If you can get past the Continuity Lockout, Fate/Stay Night: Heaven’s Feel I. presage flower is the best that Fate/Stay Night has ever looked, albeit with a very choppy edit and very little time to connect with the characters. Many spoilers ahead.
The common beginning and why it’s a problem here.
In all three paths through the Fate/Stay Night visual novel Shirou Emiya stumbles across an opening bout of the fifth Holy Grail War between Lancer and Archer, and is almost murdered by Lancer to keep the Masquerade in place. He is saved by Rin Tohsaka before accidentally summoning Saber when Lancer shows up to finish the job.
Going into detail about this is fine when you’re adapting the fate path where Shirou falls in love with Saber. That moment when he sees Saber and thinks she’s the most beautiful woman he’s ever seen really does sing in the often underrated Deen/Stay Night from 2006.
It’s absolutely essential when you’re adapting the Unlimited Blade Works path where Shirou falls in love with Rin. In fact there’s two versions of the Fate/Stay Night: Unlimited Blade Works opening episode, one from Rin’s perspective and one from Shirou’s.
But when you’re adapting the Heaven’s Feel path where Shirou is supposed to fall in love with Sakura Matou?
That common beginning is a distraction from the core story that needs to be minimised, but doing so contributes heavily to the Continuity Lockout effect of the film. You’re also left with the problem of explaining the slightly odd relationship between Shirou and Sakura that is seen in the other paths but not really explained.
I watched the film the first time with friends, and they basically had to leave about halfway through because of the lockout. That said, if you do have the background, presage flower does a solid job of handling the common beginning and to a lesser extent the problem of Sakura.
An earlier beginning
presage flower begins about a year and a half earlier than any of the other adaptations to give the film a little time to explore the developing relationship between Shirou and Sakura. Whilst I appreciated this, it is subject to rapid scene changes that can be slightly disorienting.
On the bright side this sequence also establishes a fair degree of agency for Sakura, something I felt the character had lacked in previous instalments. Shirou’s comment about being defeated by the stubbornness of a younger girl is highly amusing, and it’s equally clear that his guardian Taiga Fujimura was equally flummoxed.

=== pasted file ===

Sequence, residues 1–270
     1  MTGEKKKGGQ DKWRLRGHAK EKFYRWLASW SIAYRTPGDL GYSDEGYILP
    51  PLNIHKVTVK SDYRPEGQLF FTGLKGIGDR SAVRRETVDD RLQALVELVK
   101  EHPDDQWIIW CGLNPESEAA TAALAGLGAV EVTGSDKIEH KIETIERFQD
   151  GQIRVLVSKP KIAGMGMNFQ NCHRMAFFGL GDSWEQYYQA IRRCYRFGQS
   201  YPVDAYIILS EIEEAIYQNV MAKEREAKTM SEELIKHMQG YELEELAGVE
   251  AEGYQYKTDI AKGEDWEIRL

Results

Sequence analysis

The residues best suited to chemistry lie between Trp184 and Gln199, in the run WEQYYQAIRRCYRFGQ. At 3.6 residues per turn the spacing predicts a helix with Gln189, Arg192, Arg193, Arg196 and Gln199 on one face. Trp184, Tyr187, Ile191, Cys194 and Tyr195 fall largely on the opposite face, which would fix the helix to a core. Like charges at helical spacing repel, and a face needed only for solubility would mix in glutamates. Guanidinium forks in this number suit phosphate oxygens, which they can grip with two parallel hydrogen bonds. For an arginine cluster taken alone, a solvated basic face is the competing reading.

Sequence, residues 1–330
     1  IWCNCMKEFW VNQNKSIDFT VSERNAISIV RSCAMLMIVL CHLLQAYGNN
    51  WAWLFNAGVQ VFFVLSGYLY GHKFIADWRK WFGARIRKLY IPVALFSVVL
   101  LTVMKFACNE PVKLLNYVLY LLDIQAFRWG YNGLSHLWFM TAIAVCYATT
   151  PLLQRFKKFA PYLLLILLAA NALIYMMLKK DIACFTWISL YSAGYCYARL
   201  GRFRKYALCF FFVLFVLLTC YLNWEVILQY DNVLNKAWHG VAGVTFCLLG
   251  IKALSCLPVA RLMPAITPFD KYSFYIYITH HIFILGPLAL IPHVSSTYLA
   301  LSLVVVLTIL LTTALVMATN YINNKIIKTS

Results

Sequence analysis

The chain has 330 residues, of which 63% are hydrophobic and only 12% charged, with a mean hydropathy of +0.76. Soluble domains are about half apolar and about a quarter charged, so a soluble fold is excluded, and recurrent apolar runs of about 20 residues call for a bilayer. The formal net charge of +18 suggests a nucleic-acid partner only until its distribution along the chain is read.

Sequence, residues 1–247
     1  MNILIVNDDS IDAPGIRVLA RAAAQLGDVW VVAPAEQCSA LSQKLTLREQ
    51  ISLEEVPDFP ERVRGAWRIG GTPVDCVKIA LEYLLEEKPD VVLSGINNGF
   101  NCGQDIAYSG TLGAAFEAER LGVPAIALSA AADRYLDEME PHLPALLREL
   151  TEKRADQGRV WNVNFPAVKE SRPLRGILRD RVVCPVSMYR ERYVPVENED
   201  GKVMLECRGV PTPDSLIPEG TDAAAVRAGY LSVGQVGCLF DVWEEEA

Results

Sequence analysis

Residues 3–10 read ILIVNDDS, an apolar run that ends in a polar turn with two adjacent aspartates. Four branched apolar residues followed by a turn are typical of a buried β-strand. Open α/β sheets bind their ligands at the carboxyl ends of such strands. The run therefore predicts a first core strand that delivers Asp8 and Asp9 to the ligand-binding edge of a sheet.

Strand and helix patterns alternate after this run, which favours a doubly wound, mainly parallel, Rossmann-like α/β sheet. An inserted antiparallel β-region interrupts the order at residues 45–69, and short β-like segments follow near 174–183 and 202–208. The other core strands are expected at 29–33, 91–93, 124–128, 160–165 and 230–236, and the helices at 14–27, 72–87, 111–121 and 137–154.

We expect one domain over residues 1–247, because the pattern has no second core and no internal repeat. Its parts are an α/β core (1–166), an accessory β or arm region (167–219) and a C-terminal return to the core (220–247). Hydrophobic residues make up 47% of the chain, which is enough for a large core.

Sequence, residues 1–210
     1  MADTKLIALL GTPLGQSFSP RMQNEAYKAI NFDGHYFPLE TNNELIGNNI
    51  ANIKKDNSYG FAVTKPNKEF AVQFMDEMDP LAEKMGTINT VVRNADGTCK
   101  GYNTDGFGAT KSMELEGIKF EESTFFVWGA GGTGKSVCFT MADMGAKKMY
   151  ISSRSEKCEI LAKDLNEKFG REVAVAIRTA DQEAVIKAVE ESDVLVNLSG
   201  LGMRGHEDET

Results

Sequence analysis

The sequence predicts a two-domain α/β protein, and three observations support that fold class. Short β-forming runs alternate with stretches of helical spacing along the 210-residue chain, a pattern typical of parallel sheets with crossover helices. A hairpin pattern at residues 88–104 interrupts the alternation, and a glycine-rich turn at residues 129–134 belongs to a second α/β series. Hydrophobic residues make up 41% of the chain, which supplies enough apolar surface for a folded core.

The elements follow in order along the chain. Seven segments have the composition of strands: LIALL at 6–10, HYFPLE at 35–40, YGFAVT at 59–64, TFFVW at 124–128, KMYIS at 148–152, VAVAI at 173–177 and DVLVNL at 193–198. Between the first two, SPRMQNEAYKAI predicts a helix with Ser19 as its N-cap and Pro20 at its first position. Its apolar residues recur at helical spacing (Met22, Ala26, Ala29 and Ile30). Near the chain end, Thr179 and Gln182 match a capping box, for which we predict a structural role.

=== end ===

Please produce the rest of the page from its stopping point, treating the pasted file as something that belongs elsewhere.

The opening credits
That common opening is then handled through the opening credits in a highly condensed manner, and also with no dialogue. The imagery here is extremely rapid, and again I suspect is at least slightly disorienting to viewers without the necessary background to recognise what they’re seeing.
In what is supposed to be a film trilogy built around Shirou and Sakura, this approach was absolutely the correct call by the creative team but I think it also contributed to the extent to which my friends were lost in terms of understanding what was happening.
Once the story heads into the Fifth Holy Grail War, presage flower is on firmer ground. However despite being visually spectacular the rapid scene changes, and relative lack of character work in the first half do drag the film down somewhat.
Somewhat ironically events begin to be explained a bit better, and the character interactions realised more, in the second half after my friends left. I don’t want to spoil the details too much here, as this is where the events of presage flower diverge wildly from fate or Unlimited Blade Works.
Lancer does get one really good action sequence, but is ultimately still the Chew Toy of the Fate franchise.
There are also elements that strongly imply that the events of Fate/Zero, particularly around Irisviel, are about to come back to haunt a lot of characters.
I don’t know what it is about the Fate franchise but it never quite seems to hit that “just right” level of action vs character pacing. The various TV series are too drawn out whilst presage flower feels like it had to be compressed to hit a particular story beat before the run time ran out.
The earlier beginning I mentioned above helps some with fleshing out Sakura’s character. The 2nd half of the film tries to build on this, and on Shirou’s tendencies to be the hero, but felt somewhat weak overall. Much of the run time is eaten by the admittedly spectacular action sequences.
The look and sound
It must be said that Fate/Stay Night has never looked, or sounded, better than presage flower. The film is simply stunning to look at and this is ably supported by an excellent soundtrack and a solid sound effects mix.
Overall I think I liked presage flower for now, and I’m certainly looking forward to seeing lost butterfly when it hits Australian cinemas later this month.
But whether I’ll like it once the trilogy is done I’m still not sure about.
 This is an assumption on my part.
 BEST GIRL.
 And for which I’m sorry. I’ll try not to do that again to you.
 There is no way I’m typing out Fate/Stay Night: Heaven’s Feel I. presage flower more than I have to.
 No surprise there to be fair.
 At least so far. There’s still two films to go.